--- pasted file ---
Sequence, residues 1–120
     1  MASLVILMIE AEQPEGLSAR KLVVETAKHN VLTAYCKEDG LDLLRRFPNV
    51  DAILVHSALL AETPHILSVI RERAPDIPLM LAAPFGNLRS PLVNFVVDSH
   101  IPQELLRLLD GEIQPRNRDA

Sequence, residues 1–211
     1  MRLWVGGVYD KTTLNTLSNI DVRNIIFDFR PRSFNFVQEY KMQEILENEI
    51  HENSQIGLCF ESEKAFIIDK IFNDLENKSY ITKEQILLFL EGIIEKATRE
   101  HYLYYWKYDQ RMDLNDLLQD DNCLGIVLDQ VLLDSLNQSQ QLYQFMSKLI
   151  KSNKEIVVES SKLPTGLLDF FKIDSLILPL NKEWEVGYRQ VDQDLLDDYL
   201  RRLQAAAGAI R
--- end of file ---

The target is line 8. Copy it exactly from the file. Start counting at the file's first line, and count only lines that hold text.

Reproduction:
   101  HYLYYWKYDQ RMDLNDLLQD DNCLGIVLDQ VLLDSLNQSQ QLYQFMSKLI